A new comparative study showed the advantages of using donor decellularized muscle to promote functional tissue regeneration at the site of bulk skeletal muscle loss due to trauma or surgery. Compared to an autologous muscle graft, a decellularized muscle matrix used to repair medium- and large-sized defects in rats resulted in enhanced muscle function recovery, muscle regeneration, and the formation of new neuromuscular junctions, as reported in an article published in Tissue Engineering, Part A.
The article entitled "Decellularized Muscle Supports New Muscle Fibers and Improves Function Following Volumetric Injury" was coauthored by Barbara Boyan, PhD, Virginia Commonwealth University (VCU), Richmond and Georgia Institute of Technology, Atlanta and colleagues from VCU and Musculoskeletal Transplant. Foundation, Edison, NJ and University of Texas Health Science Center at San Antonio. The researchers demonstrated less scar tissue formation and more new neuromuscular receptors using a decellularized muscle matrix than either a rat muscle autograft or collagen plugs to repair large muscle defects.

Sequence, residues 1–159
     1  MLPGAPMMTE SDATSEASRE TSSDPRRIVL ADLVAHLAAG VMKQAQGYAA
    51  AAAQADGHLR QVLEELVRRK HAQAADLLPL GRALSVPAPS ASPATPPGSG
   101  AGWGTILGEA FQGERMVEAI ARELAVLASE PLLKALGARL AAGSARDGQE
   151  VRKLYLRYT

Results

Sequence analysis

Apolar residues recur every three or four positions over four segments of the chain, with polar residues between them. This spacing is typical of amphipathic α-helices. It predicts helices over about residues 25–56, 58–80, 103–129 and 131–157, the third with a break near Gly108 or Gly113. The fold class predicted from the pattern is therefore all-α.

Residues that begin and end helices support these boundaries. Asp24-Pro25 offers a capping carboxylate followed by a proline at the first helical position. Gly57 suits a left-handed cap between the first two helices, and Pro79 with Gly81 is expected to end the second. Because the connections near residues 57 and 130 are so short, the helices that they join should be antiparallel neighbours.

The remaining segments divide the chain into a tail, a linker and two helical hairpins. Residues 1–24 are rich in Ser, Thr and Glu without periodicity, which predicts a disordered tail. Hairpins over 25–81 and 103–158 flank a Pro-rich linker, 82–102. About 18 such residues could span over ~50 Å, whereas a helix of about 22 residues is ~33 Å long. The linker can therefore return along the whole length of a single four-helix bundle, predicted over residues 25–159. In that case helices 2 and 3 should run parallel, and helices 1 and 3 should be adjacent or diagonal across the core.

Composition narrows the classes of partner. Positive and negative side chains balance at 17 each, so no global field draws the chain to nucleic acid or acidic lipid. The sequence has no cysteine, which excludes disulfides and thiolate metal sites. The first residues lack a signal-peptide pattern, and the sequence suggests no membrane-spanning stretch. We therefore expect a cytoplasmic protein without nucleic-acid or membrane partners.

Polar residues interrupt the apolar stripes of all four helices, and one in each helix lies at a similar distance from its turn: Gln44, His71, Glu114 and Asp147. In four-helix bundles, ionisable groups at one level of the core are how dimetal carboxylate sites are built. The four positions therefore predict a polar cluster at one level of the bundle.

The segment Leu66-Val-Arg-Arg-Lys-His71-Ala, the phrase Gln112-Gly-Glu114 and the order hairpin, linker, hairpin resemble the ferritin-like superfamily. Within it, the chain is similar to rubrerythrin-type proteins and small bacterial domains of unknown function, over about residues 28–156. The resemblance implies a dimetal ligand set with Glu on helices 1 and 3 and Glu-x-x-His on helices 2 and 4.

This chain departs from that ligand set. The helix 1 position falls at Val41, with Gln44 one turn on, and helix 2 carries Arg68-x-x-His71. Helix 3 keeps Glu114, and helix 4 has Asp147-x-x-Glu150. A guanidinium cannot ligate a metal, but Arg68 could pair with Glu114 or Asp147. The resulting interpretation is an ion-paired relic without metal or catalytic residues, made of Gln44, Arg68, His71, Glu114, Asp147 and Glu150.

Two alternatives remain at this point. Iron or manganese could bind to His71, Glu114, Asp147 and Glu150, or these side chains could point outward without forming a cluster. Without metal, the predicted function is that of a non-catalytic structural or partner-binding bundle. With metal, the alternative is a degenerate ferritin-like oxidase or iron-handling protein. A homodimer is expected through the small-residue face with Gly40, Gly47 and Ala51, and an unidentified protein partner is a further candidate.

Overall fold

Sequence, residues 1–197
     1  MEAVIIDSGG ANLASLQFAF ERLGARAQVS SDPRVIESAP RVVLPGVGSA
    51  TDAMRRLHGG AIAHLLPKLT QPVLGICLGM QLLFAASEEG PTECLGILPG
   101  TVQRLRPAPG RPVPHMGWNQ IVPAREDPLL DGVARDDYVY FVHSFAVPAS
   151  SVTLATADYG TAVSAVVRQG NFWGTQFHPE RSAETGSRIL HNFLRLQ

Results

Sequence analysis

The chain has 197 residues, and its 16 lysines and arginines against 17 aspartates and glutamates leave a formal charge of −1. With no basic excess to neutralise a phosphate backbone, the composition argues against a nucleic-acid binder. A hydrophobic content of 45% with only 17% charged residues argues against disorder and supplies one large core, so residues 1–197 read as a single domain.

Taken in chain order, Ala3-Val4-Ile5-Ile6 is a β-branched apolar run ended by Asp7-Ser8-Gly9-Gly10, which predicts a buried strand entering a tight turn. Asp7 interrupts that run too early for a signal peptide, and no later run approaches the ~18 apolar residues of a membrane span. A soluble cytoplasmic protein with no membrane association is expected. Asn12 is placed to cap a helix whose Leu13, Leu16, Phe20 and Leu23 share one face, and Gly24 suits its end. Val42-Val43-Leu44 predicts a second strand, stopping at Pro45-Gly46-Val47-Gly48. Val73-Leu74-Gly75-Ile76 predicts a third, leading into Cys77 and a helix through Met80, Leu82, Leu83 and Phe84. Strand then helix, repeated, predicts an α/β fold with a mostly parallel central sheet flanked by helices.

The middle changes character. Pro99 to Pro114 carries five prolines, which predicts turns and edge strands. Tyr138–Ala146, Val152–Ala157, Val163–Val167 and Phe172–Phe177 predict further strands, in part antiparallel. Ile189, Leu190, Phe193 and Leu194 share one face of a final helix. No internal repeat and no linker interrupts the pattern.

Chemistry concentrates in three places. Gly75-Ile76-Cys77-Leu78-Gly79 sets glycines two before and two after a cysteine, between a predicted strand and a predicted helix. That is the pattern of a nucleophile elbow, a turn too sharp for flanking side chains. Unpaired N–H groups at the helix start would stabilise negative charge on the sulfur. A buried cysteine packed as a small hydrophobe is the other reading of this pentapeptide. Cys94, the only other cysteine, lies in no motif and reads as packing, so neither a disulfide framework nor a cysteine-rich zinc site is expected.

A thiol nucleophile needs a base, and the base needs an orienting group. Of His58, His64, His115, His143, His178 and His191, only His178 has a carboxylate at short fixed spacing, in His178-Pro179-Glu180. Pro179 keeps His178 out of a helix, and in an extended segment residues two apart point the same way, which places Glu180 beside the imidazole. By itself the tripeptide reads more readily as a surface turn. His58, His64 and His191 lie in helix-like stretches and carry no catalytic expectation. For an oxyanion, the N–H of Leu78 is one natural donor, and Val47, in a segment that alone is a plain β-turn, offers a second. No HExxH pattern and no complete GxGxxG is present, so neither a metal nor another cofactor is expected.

"This article demonstrated the potential of decellularized tissue grafts for use as scaffolds in tissue engineering applications," says Tissue Engineering Co-Editor-in-Chief Antonios G. Mikos, PhD, Louis Calder Professor at Rice University, Houston, TX.
Explore further: New approach to muscle regeneration restores function after traumatic injury without need for donor tissue
Michael J. McClure et al, Decellularized Muscle Supports New Muscle Fibers and Improves Function Following Volumetric Injury, Tissue Engineering Part A (2018). DOI: 10.1089/ten.tea.2017.0386